Guilt is an emotion we feel when we have done something wrong and realised it enough to regret it. I’m sure we have all been guilty of something. You might be guilty for yelling at your mom last week. Your friend might feel guilty for lying to his or her spouse. Your parents could feel guilty for promising to buy you a new car for your birthday but failed to keep their promise. Me? Well, yours truly is actually feeling guilty on numerous occasions for criticising a football club manager.
While that doesn’t sound like something people should be guilty about, but I couldn’t help feeling that it is a growing issue. Especially among the hardcore football fans who think they know better than the managers at the helm of their boyhood clubs. I had this conversation with a friend on Facebook, discussing the folly of former Liverpool manager Brendan Rodgers and the current nightmare for Chelsea manager Jose Mourinho. Why do some managers take the heat for failing to keep the teams in the top half of the table, while others manage to stay afloat? Why do we think we can do better than the actual manager himself?
Club managers are humans too, and are prone to human errors. They have bad-hair days. They have good days where all it takes is for the other club’s players to suffer from a setback of horrific injuries and within thirty seconds, three goals are scored. There are also days when goalkeepers score goals from their end of the field. But these days don’t happen very often. Then when the club loses, the manager is subjected to a hurl of abuse from the so-called loyal fans. Why? As Michael Calvin said in his 2010 book, ‘Family: Life, Death and Football‘,
They are, he reveals, human beings, most have families, feelings and outside interests just like those who are so quick to criticise and abuse them in oafish songs, radio phone-ins, social media, poorly spelt bed sheets or good old-fashioned spittle-flecked abuse.
What about the days when the club won? There will always be a winner and a loser in a competition but nobody wins all the time. I remember Arsenal winning the 2003-2004 Premier League title, and were dubbed ‘The Invincibles’ because they didn’t drop a game. But that was it. Now they’re back to fighting their way to the top, occasionally slipping and sliding. Yet, we called Wenger names, sang ruddy songs about him, criticised his tactic and management styles, and demanding to know why he refuses to buy better players during the transfer window. According to Barry Glendenning, football fans should not be so quick to abuse and demonise managers (source: The Guardian).
Which is true, too! Have we walked a mile in their shoes? Have we thought about what else they do other than managing a club? They don’t just stand at the sidelines, barking out instructions at who should be covering which flank of the team. They don’t just stand there, looking on helplessly as the rival team tears his team apart like a high-powered paper shredder. They plan. They brainstorm. They get creative. Well, at least they try to. Managing a club is like managing a department in a company. You manage the resources that is your employees (players). You manage the resources (jerseys, football boots, training grounds, etc) that provide the ability for your employees to do the work for you. You manage their salaries, their job scopes (players’ positions, which roles work well with whom and which formation works well against their rivals), and their annual and medical leave (players are often hit by injuries, and it’s worse for those who suffer from recurring injuries).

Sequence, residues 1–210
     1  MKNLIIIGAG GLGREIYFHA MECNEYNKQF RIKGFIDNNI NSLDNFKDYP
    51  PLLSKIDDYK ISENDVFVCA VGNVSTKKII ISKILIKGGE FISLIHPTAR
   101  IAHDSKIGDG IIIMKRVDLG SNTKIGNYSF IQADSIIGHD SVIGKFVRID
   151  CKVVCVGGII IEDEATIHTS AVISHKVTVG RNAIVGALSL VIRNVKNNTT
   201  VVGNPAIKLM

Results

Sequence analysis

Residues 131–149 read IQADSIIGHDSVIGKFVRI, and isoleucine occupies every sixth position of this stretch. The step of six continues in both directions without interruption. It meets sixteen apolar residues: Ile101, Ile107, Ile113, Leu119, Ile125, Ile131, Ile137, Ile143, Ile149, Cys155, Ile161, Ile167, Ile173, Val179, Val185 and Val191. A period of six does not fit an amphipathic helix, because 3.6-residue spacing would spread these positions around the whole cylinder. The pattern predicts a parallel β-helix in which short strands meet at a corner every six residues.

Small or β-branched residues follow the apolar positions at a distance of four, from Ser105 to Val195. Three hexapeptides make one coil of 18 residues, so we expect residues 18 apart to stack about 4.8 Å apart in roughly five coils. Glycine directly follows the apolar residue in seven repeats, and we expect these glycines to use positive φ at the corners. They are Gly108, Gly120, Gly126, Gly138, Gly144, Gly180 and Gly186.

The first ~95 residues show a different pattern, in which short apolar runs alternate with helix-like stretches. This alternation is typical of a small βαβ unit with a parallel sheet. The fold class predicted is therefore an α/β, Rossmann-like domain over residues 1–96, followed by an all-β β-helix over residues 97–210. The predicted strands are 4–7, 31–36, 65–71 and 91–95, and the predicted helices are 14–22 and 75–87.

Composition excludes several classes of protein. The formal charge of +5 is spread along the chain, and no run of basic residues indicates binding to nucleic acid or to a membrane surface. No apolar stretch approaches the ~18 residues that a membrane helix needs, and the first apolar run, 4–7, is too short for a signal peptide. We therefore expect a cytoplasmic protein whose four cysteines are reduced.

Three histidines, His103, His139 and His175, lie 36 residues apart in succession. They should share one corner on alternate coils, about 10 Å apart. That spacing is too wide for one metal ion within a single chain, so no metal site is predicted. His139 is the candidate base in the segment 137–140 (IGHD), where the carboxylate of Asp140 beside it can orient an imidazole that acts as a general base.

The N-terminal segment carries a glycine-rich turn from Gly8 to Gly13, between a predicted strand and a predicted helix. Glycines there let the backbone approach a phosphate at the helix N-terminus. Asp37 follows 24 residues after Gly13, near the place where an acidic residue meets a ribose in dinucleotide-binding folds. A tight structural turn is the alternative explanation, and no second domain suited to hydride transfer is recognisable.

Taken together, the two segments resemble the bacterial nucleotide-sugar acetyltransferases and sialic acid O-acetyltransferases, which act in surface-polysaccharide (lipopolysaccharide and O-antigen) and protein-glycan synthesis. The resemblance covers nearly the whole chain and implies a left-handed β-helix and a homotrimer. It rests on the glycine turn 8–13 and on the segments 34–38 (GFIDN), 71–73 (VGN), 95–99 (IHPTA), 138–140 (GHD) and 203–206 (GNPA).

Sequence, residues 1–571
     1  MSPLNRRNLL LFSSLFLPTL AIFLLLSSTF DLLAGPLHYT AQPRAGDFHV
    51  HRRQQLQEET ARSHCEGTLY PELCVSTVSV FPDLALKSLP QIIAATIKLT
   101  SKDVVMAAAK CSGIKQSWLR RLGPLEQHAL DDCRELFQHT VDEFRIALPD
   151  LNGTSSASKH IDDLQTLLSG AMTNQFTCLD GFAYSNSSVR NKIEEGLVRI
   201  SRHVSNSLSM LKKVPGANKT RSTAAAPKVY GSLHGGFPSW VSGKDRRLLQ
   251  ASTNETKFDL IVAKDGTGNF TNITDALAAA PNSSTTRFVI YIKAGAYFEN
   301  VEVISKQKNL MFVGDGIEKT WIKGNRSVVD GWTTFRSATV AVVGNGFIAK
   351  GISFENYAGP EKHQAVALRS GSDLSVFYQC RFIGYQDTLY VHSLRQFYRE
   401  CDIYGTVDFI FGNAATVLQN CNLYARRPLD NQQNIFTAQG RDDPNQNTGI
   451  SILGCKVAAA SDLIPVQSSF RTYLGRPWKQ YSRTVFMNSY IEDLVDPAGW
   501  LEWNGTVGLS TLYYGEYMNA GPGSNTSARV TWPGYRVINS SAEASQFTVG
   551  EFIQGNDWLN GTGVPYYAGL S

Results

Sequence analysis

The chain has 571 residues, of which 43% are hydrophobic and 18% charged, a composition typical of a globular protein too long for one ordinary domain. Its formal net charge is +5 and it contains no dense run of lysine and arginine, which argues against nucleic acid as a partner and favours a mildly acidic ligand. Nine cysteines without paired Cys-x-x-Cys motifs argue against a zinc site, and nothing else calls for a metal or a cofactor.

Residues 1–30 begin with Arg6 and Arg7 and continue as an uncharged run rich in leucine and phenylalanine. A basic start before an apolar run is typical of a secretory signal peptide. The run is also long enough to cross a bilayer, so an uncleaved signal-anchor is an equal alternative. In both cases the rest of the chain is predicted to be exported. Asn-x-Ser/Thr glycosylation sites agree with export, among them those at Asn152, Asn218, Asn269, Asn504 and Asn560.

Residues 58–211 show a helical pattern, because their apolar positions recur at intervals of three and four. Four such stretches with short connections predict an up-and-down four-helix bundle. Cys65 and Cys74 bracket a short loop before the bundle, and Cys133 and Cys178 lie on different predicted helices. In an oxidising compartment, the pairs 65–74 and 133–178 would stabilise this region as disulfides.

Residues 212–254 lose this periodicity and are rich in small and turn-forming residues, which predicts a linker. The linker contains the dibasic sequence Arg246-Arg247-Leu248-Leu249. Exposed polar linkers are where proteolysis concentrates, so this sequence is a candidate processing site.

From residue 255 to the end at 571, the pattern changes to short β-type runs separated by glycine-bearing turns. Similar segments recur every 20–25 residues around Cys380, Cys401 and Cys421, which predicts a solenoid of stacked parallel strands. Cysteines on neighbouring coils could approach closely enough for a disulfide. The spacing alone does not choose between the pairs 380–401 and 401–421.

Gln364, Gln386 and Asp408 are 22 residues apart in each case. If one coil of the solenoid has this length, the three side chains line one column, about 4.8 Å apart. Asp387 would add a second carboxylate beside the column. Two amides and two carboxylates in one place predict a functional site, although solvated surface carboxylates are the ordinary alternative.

Another common complaint fans have towards their favourite clubs’ managers are why are certain players given roles that are not their specialties. Time and time again, these questions surface in the newspapers or radio talk shows with fans demanding to know why a specific player was told to play as a midfielder when he was initially trained as a defender. These roles have specific missions and duties that players have to master in order to perform their best for the team. Forcing them to play outside of their comfort zone is a big N-O in football. Unlike employees in a multinational company, footballers don’t have all the time in the world to learn a new task and shine in it. But have we taken a minute to think and ask ourselves, “Why did the manager make so-and-so play in this role?” Do they have a reason for doing that? Perhaps if we understood the circumstances, we might not be so quick to make such ridiculous and hasty judgments.
There is always a reason for something, and no manager is going to tell the press that “he doesn’t know why he did it, he just did it for fun.” Since we have given a particular manager a nickname, then there is a name for us football fans too. We’re called the “Armchair Critics / Armchair Players”.